With major national elections in Belgium, Romania, or Poland still to go, it could also mean more potential candidates might become available.

Spanish Prime Minister Pedro Sanchez, whose name is being dropped in Brussels as a strong contender for Stoltenberg’s post, also has a snap election this July.

Incumbent national leaders meanwhile might be reluctant to leave the national scene mid-mandate to take over the helm of the military alliance, NATO diplomats said.

“But if the president of the United States asks for you… can you really say no?” one of them quipped.

Another factor is the looming US presidential election in November 2024, which could see a potential return of Donald Trump, or a fellow NATO-sceptic Republican candidate, to the White House.

With decision-making relying on unanimity, the next NATO boss would be expected to manage and mediate differences inside the transatlantic alliance, a job Stoltenberg managed rather well, according to several NATO diplomats.

Dubbed by some in NATO corridors as the ‘Trump whisperer’, Stoltenberg has been credited for keeping alliance members together and the Trump administration’s wrath – over low European defence spending and reluctance to pivot to Asia – out of essential decisions.

According to several NATO diplomats, this would call for an experienced prime minister who would be on ‘equal footing’ with other heads of state and government, rather than someone who was previously only a cabinet minister.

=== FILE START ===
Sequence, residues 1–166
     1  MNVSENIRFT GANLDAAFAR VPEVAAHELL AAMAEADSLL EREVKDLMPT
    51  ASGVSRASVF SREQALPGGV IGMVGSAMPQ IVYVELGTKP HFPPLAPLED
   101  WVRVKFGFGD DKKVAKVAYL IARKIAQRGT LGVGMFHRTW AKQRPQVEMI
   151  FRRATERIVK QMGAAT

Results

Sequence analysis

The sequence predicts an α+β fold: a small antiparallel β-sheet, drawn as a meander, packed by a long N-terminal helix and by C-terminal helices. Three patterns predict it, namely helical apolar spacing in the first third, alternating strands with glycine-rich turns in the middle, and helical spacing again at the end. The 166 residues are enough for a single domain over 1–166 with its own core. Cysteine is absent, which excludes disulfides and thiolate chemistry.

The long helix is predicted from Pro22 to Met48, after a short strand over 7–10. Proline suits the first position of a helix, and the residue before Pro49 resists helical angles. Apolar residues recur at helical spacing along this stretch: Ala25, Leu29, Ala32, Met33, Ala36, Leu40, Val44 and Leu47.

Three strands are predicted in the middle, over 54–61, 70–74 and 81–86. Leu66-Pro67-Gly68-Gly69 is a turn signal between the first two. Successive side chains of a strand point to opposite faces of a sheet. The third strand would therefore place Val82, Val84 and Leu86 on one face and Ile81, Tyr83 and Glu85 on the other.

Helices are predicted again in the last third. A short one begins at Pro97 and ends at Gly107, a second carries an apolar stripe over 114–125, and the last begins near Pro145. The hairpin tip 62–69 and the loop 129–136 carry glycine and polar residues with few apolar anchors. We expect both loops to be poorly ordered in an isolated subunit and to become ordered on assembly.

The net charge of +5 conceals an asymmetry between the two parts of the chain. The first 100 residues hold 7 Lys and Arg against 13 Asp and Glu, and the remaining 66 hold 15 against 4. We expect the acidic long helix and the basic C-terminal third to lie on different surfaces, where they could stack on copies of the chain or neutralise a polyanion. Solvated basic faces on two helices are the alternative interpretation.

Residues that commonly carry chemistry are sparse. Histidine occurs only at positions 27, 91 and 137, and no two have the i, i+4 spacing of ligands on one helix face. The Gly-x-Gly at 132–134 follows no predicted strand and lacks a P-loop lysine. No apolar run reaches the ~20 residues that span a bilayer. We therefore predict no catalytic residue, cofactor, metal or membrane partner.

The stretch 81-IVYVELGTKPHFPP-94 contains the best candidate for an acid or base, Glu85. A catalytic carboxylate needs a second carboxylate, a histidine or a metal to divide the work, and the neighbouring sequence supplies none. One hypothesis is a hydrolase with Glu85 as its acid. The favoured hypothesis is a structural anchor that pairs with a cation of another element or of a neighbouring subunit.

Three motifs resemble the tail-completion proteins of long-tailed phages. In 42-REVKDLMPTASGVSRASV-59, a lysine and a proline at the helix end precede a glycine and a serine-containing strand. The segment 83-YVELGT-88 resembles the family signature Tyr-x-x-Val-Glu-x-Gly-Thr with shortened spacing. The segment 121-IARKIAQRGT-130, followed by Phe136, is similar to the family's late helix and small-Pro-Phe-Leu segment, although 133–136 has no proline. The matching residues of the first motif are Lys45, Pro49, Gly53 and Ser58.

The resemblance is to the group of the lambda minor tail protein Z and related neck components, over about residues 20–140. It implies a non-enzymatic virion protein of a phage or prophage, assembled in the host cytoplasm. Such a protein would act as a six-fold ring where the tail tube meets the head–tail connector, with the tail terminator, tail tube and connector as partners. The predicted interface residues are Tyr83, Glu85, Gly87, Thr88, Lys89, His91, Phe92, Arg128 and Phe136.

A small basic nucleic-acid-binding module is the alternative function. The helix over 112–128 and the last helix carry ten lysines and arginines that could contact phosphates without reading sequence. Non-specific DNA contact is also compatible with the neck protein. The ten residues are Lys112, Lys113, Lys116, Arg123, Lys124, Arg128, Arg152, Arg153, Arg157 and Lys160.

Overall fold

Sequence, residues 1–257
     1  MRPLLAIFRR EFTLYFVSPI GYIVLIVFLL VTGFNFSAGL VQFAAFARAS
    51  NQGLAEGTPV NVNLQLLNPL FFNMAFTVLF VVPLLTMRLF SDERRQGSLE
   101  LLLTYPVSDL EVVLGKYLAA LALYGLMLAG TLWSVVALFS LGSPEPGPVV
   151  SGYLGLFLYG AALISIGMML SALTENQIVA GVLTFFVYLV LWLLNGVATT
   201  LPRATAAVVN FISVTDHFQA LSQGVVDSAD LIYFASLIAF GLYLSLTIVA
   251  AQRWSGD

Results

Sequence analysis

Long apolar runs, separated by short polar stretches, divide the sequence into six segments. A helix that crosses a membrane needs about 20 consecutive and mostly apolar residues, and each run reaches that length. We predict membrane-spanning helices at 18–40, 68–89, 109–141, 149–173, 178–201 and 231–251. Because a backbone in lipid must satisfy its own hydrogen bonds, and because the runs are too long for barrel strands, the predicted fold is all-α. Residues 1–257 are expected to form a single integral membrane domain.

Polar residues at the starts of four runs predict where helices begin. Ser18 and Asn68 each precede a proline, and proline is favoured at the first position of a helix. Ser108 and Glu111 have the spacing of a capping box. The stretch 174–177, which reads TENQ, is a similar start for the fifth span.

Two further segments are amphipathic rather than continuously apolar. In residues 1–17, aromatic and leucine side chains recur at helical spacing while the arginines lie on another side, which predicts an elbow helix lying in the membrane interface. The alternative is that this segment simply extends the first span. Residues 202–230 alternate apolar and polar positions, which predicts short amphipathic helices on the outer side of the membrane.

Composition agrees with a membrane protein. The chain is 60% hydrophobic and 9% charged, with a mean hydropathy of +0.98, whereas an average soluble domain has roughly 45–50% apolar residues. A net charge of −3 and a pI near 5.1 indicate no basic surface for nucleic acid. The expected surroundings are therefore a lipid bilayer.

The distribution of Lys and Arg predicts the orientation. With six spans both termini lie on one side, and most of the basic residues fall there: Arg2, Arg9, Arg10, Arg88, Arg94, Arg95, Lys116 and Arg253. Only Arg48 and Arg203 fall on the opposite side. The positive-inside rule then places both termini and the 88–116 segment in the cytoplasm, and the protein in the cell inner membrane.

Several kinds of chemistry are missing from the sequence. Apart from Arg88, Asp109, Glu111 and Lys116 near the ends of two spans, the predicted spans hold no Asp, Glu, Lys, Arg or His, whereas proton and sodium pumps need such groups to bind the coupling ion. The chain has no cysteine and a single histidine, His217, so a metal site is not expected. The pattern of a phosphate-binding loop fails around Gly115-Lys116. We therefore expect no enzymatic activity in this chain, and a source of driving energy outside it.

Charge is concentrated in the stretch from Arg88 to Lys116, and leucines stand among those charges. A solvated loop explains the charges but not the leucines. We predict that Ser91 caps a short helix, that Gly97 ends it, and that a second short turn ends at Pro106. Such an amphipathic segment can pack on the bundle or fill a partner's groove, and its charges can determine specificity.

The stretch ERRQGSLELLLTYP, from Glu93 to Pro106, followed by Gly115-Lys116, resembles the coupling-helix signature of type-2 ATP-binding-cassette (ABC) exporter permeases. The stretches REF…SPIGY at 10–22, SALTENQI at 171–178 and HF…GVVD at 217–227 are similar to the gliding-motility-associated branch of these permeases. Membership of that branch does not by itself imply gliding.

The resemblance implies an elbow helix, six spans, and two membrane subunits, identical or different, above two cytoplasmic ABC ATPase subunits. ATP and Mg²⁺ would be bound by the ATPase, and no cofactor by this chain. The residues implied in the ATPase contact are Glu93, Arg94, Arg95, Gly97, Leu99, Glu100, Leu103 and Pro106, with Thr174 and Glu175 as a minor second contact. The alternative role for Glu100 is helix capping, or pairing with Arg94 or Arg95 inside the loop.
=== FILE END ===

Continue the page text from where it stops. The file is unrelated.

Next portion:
With a landmark NATO summit in Washington next summer to celebrate the alliance’s 75th existence, there might be some considerations to give Stoltenberg a chance to shine after a decade in the job.

Criteria to be determined

Traditionally, the civilian post has been held by a senior European political figure, while the military post of the Supreme Allied Commander (SACEUR), in charge of commanding NATO troops, goes to a high-ranking US military official.

France has clearly stated it wants the post to go to someone from an EU country, cold-shouldering the potential candidacy of UK Defence Secretary Ben Wallace, whose name has been circulated.

Despite, or maybe even because of, the paradigm shift after Russia’s war on Ukraine, many Western European members are wary of considering a hawkish anti-Russia Eastern European for the job.

However, a non-Western European diplomat told EURACTIV that, “to play the devil’s advocate, an Eastern European in the position could prevent the alliance from underestimating future threats from Russia, which remain NATO’s security concern number one”.

Turkey or Greece are unlikely candidates as each would veto the other’s candidate over the long-standing Cyprus dispute.

Some NATO capitals believe the job should go to a candidate whose country fulfils the 2% GDP defence spending target.

Currently, this applies to only seven NATO members and would significantly reduce the list of candidates, but would include Denmark, whose Prime Minister Mette Fredriksen has been named a top contender for the job.

With no woman ever having held the post, a good part of NATO members have said they would support a female candidate over a male.


Source: euractiv.com/